The once dreaded wave of bankruptcies has not swept through. Better, the figures published Wednesday January 12 by the Bank of France show that the ebb continues. Last year, 27,285 companies entered into reorganization or liquidation proceedings. This is 12.7% less than the previous year. However, the year 2020 had already been marked by a historically low number of insolvencies, which fell by 40%.
The effect of massive and rapid aid
The longer the crisis lasts, the less businesses stumble. A paradox which does not however surprise the specialists of the sector. ” A Bankruptcy proceedings occur when a business is strapped for cash. However, with the measures of the government, there has never been so much money in the balance sheet of companies ”, explains Frédéric Abitbol, President of the National Council of Judicial Administrators and Legal Representatives (CNAJMJ).
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Massive business support was also rapidly deployed. And this is what made all the difference, notes Patrick Coupeaud, judge at the Paris commercial court and general delegate for dealing with business difficulties: “Contrary to what may have happened during other crises, the aid arrived at the right time on the ground, before the difficulties made the situation irreversible. This is what made it possible to avoid cascades of bankruptcies ”.
No disaster scenario in sight
Obviously, there remains the question of whether the bankruptcies which are missing in the statistics for 2020 and 2021 are doomed to inflate the figures for the years to come. This disaster scenario, long feared, hardly has any more followers. “We can’t believe the tsunami. We expect a gradual return to the usual number of failures, but there is no reason why the companies which held out during the crisis collapse en masse once it has passed ”, assures Patrick Coupeaud.
In the months and years to come, however, companies will have to repay billions of euros in state guaranteed loans (PGEs). But, for the moment, the signals are not in the red, apart from the difficulties targeted on certain particularly affected sectors, in catering, tourism or events.
The billions of “Whatever the cost” could even on the contrary strengthen the economic fabric, considers Frédéric Abitbol: “For decades we have complained that French companies are not investing enough. However, with EMPs, and even if this was not the initial objective, many now have the money they need to prepare for the future and become more competitive. “
The happiness of some …
For the months and years to come, therefore, there is no need for pessimism in bankruptcy matters. But the happiness of some can also be the misfortune of others, and it is now the specialists in supporting companies in difficulty who find themselves … in difficulty. A sector which employs nearly 4,000 people.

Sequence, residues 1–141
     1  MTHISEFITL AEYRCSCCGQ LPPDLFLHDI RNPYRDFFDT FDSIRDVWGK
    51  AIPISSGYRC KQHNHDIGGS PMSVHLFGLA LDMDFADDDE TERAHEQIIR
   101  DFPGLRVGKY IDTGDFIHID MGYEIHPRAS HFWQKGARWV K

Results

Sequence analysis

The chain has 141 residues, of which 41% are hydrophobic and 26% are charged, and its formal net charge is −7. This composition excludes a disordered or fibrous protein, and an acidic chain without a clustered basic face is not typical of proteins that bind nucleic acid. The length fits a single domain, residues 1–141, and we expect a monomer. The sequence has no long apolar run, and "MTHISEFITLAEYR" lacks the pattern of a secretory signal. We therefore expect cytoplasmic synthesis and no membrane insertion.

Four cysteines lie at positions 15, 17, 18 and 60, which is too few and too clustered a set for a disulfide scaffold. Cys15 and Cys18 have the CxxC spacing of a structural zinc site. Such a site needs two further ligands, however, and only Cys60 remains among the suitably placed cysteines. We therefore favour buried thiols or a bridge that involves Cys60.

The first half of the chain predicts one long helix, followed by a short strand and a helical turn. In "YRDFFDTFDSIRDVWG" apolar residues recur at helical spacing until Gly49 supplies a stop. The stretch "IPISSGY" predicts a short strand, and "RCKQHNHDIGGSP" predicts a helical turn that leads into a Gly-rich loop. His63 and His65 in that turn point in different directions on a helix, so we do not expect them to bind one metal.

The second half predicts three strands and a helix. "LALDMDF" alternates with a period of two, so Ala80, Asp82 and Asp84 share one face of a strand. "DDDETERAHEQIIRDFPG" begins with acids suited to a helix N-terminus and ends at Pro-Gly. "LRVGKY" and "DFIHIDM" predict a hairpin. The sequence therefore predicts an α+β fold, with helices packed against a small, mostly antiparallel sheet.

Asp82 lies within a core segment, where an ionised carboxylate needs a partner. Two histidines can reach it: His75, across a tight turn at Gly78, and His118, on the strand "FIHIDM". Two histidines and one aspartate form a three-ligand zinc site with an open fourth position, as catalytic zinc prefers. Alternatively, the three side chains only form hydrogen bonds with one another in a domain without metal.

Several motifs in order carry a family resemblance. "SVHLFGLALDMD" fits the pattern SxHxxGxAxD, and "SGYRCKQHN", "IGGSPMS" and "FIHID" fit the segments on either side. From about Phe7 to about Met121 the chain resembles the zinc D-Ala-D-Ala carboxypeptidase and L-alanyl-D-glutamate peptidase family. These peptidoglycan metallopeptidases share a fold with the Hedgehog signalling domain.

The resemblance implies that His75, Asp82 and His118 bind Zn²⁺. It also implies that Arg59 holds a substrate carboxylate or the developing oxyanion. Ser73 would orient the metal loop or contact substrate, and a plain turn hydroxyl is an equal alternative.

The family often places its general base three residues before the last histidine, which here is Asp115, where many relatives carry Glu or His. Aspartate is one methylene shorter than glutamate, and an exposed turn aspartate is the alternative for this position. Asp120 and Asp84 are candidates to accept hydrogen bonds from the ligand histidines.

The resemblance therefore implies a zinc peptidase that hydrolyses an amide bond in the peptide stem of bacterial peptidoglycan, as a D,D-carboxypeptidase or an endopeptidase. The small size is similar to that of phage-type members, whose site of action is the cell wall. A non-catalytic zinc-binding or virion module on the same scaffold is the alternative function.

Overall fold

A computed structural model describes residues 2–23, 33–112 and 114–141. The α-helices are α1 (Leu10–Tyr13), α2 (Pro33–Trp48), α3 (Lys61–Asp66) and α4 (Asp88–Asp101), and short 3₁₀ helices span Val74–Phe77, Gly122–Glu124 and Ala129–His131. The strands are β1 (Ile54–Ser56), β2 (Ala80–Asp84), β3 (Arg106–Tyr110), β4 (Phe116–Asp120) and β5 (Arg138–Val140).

A survey conducted last October by the French Institute of Collective Procedures Practitioners (IFPPC) revealed that nearly 90% of legal representatives had suffered a loss of activity of at least 30% in 2020. And nearly 70% expected a further decrease of at least 20% in 2021. As a result, more than three quarters of representatives have put part of their staff on short-time work during the crisis. And one in two plans to downsize.
“No liquidation of liquidators”
“We have not yet seen liquidators liquidation, but the situation of some could become worrying”, says Patrick Coupeaud. In fact, most of the remuneration of agents and directors is collected when the case is settled. In other words, twelve to eighteen months after the start of the support. Specialized firms therefore continued in 2020 and for a good part of 2021 to collect the sums related to procedures opened before the pandemic.
With the drop in the number of new cases, turnover is set to drop. “To avoid any risk of conflict of interest, the regulations prohibit us from carrying out any other activity in parallel”, recalls Frédéric Abitbol. It is therefore impossible to compensate for what is lacking in the support of companies in difficulty by offering other services, such as advice. To hold out during this period of low water, professionals therefore urge the public authorities to loosen the grip, claiming to be able to diversify as independent directors in companies or as inter-company mediator.
Microenterprises most affected
A majority of microenterprises
Of the 27,258 companies that failed in 2021, the vast majority are very small structures.
25,744 procedures relate to micro-enterprises, 1,359 to very small or small enterprises, 155 to medium-sized enterprises and only 27 to medium-sized or large enterprises.
The hotel and catering industry is resisting
The decrease in the number of failures between 2019 and 2021 averages 46%. But it is proving to be even stronger in certain sectors that are particularly affected but also particularly helped. This is particularly the case for the hotel and catering industry, where failures have fallen by more than 60% in two years.